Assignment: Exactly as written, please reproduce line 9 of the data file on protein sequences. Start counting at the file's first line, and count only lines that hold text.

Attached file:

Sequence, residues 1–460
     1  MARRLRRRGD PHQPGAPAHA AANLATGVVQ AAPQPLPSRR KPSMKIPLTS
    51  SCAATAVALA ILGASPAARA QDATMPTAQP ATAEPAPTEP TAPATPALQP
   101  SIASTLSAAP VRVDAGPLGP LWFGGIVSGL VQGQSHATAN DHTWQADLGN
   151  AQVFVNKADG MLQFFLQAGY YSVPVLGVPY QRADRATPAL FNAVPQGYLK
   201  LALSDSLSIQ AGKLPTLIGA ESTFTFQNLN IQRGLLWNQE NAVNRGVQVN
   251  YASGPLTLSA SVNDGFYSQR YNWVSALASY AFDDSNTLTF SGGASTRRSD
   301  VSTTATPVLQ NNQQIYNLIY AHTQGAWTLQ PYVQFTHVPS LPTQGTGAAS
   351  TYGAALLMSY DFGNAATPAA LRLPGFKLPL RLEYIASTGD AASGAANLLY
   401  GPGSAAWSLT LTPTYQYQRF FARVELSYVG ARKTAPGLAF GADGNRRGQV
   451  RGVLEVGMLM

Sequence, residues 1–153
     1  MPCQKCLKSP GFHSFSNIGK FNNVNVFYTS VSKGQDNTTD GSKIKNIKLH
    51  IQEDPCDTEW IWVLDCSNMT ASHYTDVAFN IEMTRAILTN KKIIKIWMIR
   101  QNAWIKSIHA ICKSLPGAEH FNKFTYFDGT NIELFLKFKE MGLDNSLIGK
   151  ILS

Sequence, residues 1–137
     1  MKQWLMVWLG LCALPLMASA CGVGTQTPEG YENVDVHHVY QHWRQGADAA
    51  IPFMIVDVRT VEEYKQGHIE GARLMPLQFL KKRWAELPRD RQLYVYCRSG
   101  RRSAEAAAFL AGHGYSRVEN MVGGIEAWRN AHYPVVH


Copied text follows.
   351  TYGAALLMSY DFGNAATPAA LRLPGFKLPL RLEYIASTGD AASGAANLLY